This same rule also applies in reverse, if a lawn is situated in full sun all day, it’s leaf must be maintained at a lower height in order to reduce it’s photosynthesis process, otherwise the lawn will produce too much food and will grow too fast. Which in turn increases thatch build up much faster and will require far more regular lawn mowing.

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Lawn Mowing

Mowing An Overgrown Lawn

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Overgrown Lawns

Often we can come across an overgrown lawn which we are tasked to bring under control. There can be many reasons for this, perhaps we’ve started looking after the alwn for a neighbor or friend, or we’ve moved into a new house, or perhaps we’ve just been so busy lately that the lawn has paid the price for our hectic lifestyle and been neglected for some time.

Whatever the reason, we now have an overgrown lawn to deal with, for the novice it may just seem like a case of getting the lawn mower out of the garden shed, lowering the cutting height to the ideal we would like it at, and begin cutting. Unfortunately this can often be the worst thing of all to do as it can severely injure or even kill the lawn in a single mowing.

Avoiding Lawn Damage

The reason for the damage occurring is that an overgrown lawn has not only raised it’s overall height, it has also raised the brown thatch layer and the crowns of the lawn as well. If the lawn is now cut too short, the lawn mowing process may remove all the green leaf, which will then stop the photosynthesis process which supplies the lawn with it’s only method of converting it’s food source, which means the lawn may then die or severely struggle for a long time to recover. If the crowns of the lawn were removed during the mowing, then the entire lawn in the affected area will die off completely, this is because all the runners, thatch and green leaf all emerge from the crowns, with the crown gone – there is no possible way for the lawn to survivi in the affected area.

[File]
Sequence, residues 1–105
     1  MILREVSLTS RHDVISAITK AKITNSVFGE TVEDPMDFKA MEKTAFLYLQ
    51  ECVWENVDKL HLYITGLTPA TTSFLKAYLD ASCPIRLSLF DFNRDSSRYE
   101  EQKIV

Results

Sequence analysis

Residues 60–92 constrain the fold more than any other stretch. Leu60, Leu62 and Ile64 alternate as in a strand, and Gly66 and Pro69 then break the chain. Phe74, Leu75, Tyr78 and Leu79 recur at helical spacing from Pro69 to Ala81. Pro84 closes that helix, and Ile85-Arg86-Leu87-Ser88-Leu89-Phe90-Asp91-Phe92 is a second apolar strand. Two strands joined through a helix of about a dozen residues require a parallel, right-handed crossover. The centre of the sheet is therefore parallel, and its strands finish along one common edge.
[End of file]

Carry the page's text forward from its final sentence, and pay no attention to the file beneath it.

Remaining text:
Correct Mowing Technique

In knowing these important factors in mowing long grass, the solution and process is now more easily seen.

The answer and the only correct method to cut long grass and to keep it maintained at a lower and more desirable height over the long term is to reduce the height of the lawn in stages. Beginning with the first lawn mowing, we only want to remove about a third of the green leaf. Sure, I can here people saying that the lawn will not look that crash hot once it’s first cut, and that is TRUE. However, the more important factor is that the lawn will remain ALIVE. At the second lawn mowing, we can reduce the height a little bit more, and so the process continues until we eventually reach the desired height we want to achieve.

The gradual lowering process of the mowing height guarantees the lawn stays alive, stays healthy, and at each mowing will gradually begin looking better and better at every lawn service until we have achieved the ultimate result. As the process of lowering the height of the lawn continues, the crowns and thatch layer of the lawn will also adjust themselves and lower themselves down to their optimum height.

mowing long grass

The best time to use this process to lower heights of lawns is during the active growing seasons for our lawns which is during the Spring, Summer and early Fall months of the year. This is important because if the lawn is not actively growing, it cannot actively be repairing itself as the lawn repair is being undertaken. So the process will not work.

If you need to tackle a lawn which is overgrown and the weather is cooler, then the best option may be to keep the lawn mowed at a higher height until the next growing season arrives in the Spring.